#IranVotes: Political Discourse on Iranian Twitter During the 2016 Parliamentary Elections

by Rebekah Heacock Jones

Iran's elections in February saw voters decisively sweep away one of the most conservative parliaments in the Islamic Republic's history, and deliver a fresh legislature far friendlier to President Rouhani's political agenda. But how was this victory won?

Iran VotesOn June 22, Small Media launches a new report in partnership with the Internet Monitor project — #IranVotes: Political Discourse on Iranian Twitter During the 2016 Parliamentary Elections. The report, coauthored by James Marchant, Amin Sabeti, Kyle Bowen, John Kelly, and Rebekah Heacock Jones, delves deep into Iran's Twittersphere, engaging in network analysis and content analysis to test claims that online spaces formed a key battleground in the contest. What we found was a vibrant, political, and outward-looking online public engaged in a lively political debate about the country's future.

Twitter has been officially blocked in Iran since the 2009 election crackdown, meaning that Iranians need to make use of circumvention tools and VPNs to access it. With government estimates putting Twitter's Iranian user base at 4 million, it's clear that this policy hasn't been a great success.

Our study finds that when Iranian Twitter users are political, they're overwhelmingly reformist—around a fifth of the users in our network are members of reformist-leaning groups, compared to the 3% who are associated with conservative groups. Consequently, conservatives have found themselves squeezed to the margins, sharing the Twitter wilderness with the spam-bot armies of the exiled Mujahedin-e Khalq opposition group.

Twitter isn't all politics, however. We found that the Iranian Twittersphere is home to a large community of technology experts, bloggers, and entrepreneurs who sit at the beating heart of Iran's thriving tech sector. These tech communities exist alongside sprawling communities of cultural enthusiasts — poets, writers and filmgoers — along with plenty of other users who just want to chat, flirt, and share cat videos.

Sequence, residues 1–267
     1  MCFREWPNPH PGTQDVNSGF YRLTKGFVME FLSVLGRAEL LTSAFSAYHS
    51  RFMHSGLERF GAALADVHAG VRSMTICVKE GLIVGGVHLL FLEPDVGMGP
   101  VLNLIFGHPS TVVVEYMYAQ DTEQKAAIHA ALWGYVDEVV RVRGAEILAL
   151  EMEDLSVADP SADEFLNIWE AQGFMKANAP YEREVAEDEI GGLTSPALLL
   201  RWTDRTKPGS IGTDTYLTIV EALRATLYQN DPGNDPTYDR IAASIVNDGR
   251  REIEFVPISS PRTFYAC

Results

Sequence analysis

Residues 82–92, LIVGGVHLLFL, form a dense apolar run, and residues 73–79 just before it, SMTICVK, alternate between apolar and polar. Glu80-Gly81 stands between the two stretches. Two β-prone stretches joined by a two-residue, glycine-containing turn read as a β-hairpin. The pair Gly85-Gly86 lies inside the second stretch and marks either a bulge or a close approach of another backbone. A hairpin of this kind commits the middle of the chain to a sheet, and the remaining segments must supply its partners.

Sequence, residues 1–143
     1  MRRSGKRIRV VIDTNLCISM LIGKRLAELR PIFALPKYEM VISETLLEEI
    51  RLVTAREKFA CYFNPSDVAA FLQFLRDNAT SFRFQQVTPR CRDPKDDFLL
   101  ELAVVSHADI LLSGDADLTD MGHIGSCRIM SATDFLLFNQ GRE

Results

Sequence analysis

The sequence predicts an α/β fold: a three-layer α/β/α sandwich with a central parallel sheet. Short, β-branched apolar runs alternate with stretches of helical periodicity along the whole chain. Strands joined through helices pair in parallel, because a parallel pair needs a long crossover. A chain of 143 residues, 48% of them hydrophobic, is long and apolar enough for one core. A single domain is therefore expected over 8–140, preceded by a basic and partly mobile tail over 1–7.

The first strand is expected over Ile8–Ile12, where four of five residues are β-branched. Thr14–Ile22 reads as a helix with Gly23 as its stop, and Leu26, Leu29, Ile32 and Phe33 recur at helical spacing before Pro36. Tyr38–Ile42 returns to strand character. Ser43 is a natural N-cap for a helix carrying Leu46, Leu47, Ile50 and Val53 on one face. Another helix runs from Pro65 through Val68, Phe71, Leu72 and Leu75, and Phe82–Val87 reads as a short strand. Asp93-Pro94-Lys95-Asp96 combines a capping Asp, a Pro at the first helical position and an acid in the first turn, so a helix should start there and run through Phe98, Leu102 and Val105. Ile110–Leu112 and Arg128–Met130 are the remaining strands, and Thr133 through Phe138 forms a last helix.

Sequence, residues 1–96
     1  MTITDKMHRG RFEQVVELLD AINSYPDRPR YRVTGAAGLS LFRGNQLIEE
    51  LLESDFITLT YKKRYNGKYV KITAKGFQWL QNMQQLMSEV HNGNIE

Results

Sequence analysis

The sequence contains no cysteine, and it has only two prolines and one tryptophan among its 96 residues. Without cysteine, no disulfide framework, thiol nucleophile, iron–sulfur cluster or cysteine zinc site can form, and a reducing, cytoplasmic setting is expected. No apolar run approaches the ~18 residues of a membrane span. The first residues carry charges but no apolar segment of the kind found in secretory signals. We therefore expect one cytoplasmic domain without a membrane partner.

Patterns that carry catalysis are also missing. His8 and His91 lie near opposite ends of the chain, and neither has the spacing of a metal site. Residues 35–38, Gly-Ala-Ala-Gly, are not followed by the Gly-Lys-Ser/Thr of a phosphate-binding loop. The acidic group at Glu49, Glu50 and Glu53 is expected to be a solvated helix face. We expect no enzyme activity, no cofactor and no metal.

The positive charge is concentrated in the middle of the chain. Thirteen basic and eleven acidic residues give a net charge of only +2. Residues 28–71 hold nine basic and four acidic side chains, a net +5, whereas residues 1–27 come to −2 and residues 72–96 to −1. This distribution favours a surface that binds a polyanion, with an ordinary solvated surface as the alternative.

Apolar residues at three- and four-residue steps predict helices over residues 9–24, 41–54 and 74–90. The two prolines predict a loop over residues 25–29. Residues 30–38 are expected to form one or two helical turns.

Given the ongoing restrictions on political and social activities, Twitter offered a valuable space to debate and campaign during the election period. Although it has been eclipsed by Telegram and Facebook in terms of its user base, Twitter continues to serve a valuable function to bridge the gap between Iran's citizens and the country's diaspora.

Our Key Findings:

  • Reformists dominate Twitter-based politics in Iran — around a fifth of the users in our network are members of reformist-leaning groups, compared to the 3% who are associated with conservative groups.
  • Twitter was a key election news source, but campaigning happened elsewhere — Although plenty of Iranian citizens used Twitter to share the latest election news, it looks like more popular platforms like Facebook and Telegram were host to more political campaigning.
  • Reformists are better campaigners on Twitter — The campaigns that did emerge on Twitter were mostly driven by reformists. Conservative campaigns were only shared within groups of diehard conservatives, whereas reformist messages spread throughout the network.
  • Twitter is an important bridge between the diaspora and Iran — Around a quarter of the network is composed of Iranians who state they are living in the diaspora. These members are very well integrated into both political and apolitical networks, rather than making up a separate group.

The full paper is available for download at SSRN: #IranVotes: Political Discourse on Iranian Twitter During the 2016 Parliamentary Elections

For more information, please contact James Marchant at james@smallmedia.org.uk or Rebekah Heacock Jones at rhj@cyber.law.harvard.edu

About Small Media

Small Media is a London-based non-profit that aims to increase the flow of information in closed societies by conducting research, providing training and supporting the development of technology solutions. Small Media is driven by the ethos that small media can bring about big change and consistently looks to support communities and individuals in advancing freedom of expression in closed societies. For more, see smallmedia.org.uk.

About Internet Monitor

Internet Monitor is a research project based at Harvard University's Berkman Center for Internet & Society. Internet Monitor's aim is to evaluate, describe, and summarize the means, mechanisms, and extent of Internet content controls and Internet activity around the world. The project helps researchers, advocates, policymakers, and user communities understand trends in Internet health and activity through research, analysis, and data visualization. Internet Monitor is funded by the US Department of State and the MacArthur Foundation. For more, see thenetmonitor.org.